Recent posts on Real Men Sow have featured a theme of end-of-season reflection. I’ve looked at the good and bad of 2018, whether my massive squash plants were actually a hindrance and even pondering the reason for growing my own vegetables.
There’s something else that has also got me reflecting too. I’ve not had to think that hard to work this one out, but it has been a very welcome reminder: soil is king, and it’s health and fertility is vital for good crops.
The squashes went mad because the soil has been amazingly fertile. The other crops that did fight their way through the mess have also been brilliant. The mangetout, beets, sweetcorn and carrots that were in that bed were the best I’ve ever grown.
In the other main bed, things haven’t been as huge and the plants have not looked anywhere near as healthy. Although both were new beds, the soil was different, and it was clear there wasn’t as much good organic matter present as there was in the squash bed.
Here are some pointers that will help my second bed be as good as my first, and hopefully help improve your soil too.
What is Organic Matter?
To grow healthy, bountiful fruit and veg, we are reliant on the soil. Feeding the soil to create a rich base for our plants is arguably the most important thing a veg grower does all year.
To improve the long term fertility and structure of the soil, we need to be adding organic matter. Organic matter is the partially decomposed remains of soil organisms, vegetation and plant life, such as grass and leaves.
Although organic matter will typically only account for a small part of the soil make up, it plays a vital role in holding everything together and retaining moisture, as well as storing and providing nutrients and food for all forms of life within your soil.
Adding organic matter to your soil is an ongoing job, as the plants you grow will eventually use up all the nutrients and that goodness will need replenishing.
Types of Organic Matter
Often, the type of organic matter that you add to your soil will depend on individual factors, such as space, cost and what is available locally.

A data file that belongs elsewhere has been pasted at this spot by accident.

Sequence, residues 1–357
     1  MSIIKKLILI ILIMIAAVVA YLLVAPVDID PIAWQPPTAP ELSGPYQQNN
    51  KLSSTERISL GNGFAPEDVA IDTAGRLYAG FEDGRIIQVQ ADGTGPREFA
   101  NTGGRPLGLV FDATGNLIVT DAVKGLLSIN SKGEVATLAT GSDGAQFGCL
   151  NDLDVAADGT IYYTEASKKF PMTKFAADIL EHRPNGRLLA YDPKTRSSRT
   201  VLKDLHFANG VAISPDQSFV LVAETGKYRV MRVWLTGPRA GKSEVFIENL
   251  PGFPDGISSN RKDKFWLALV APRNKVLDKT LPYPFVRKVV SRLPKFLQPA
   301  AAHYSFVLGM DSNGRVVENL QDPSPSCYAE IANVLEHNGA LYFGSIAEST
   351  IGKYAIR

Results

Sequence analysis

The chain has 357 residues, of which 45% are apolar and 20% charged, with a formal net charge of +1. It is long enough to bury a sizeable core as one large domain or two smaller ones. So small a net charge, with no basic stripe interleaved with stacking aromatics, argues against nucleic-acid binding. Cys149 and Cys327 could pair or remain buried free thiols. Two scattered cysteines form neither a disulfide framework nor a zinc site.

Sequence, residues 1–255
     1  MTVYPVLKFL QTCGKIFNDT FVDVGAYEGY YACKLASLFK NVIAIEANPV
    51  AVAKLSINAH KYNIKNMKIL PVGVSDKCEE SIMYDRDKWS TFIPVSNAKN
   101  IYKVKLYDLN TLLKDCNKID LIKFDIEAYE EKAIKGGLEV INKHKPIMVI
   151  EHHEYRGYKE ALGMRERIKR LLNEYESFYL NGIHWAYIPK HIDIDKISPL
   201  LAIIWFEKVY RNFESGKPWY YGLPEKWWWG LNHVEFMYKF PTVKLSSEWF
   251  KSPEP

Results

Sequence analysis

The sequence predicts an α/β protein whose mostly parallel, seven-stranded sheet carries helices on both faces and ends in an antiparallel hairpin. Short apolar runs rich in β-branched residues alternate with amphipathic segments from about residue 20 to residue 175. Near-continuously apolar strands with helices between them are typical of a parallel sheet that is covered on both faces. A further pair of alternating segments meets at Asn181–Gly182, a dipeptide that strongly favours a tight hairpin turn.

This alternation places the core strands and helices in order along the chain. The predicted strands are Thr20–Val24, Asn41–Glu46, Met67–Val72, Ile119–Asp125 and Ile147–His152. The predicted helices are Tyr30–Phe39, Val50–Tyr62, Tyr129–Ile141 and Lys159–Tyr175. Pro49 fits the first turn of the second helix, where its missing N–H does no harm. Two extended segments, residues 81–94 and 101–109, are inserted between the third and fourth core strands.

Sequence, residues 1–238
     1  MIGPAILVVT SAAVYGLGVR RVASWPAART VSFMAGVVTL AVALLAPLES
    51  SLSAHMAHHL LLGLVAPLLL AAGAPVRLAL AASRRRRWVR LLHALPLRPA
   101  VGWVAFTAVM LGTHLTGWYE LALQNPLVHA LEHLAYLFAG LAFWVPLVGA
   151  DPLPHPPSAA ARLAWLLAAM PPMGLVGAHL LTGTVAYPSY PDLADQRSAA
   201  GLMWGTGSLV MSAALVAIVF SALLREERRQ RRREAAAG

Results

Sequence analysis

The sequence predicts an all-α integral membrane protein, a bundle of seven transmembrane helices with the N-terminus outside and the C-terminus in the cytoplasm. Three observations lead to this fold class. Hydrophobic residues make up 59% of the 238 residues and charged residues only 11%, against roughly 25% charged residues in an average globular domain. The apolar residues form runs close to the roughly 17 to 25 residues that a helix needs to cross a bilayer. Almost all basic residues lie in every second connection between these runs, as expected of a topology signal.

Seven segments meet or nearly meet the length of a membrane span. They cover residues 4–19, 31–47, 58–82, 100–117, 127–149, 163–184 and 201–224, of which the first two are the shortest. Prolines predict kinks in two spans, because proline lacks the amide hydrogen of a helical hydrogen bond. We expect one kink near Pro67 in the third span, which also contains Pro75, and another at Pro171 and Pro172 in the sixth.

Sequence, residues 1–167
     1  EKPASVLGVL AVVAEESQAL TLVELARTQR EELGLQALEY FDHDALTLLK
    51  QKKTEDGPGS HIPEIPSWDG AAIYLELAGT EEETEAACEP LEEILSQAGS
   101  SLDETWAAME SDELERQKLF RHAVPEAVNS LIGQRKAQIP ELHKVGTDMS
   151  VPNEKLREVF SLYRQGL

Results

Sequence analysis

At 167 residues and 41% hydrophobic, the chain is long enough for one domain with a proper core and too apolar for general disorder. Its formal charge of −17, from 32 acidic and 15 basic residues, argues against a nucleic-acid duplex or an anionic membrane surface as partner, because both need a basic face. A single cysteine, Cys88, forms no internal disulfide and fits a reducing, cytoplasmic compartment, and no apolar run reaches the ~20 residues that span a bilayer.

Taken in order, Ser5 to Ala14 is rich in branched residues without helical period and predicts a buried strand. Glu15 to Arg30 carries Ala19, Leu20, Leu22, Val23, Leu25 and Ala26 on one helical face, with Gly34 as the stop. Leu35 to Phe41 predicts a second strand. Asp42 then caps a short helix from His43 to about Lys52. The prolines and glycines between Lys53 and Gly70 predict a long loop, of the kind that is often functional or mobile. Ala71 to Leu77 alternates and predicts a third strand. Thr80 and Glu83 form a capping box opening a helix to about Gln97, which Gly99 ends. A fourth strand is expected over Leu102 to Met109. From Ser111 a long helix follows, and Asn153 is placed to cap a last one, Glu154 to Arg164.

Horse and cow manure is a popular organic matter amongst generations of gardeners. The very best muck is the jet black, well-rotted stuff which has been left for a year, and is often delivered to allotment plots on the back of trucks.
Well-rotted, homemade compost is an exceptional form of organic matter, but making enough can be tricky if you have a large allotment. However, it’s easy to make and cheap.
When I lived by the coast, I used seaweed. The black, bladderwrack type contains all the nutrients plants require for good growth, and can be dug straight in without washing the salt off.
Spent hops are another freebie manure, and are often left outside local breweries for gardeners to take away. Again, these can simply be dug straight into the soil.
Green manure involves growing a cover of specific plants right across a bed, and digging in later on. A good crop of green manures offers protection to the soil during bad weather, suppresses weeds and stop nutrients escaping.
How to Add Organic Matter
The organised allotmenteerist will add their organic matter of choice during the Autumn. Most of the the beds will have been cleared ready for Winter, and doing this job early will give any organic matter the maximum time to rot down into the soil. Don’t panic if you miss this deadline though – any time through Winter will still be okay.
Spread a layer of the organic matter all over your beds. Approximately 2 – 4 inches in depth is perfect. If there are any veg still left in the bed, don’t go too close to them as the richness in the manure can sometimes burn the plants.
Some gardeners choose to leave the manure on the top to allow the worms and other microorganisms to incorporate it into the soil as they go about their daily business. This is called the No Dig Method.
Traditionally, manure is dug in, either at the point of spreading, or at a later date once the organic matter has had chance to work into the soil. Dig the soil in to the dept of your spade, and break up any clumps before sowing or planting.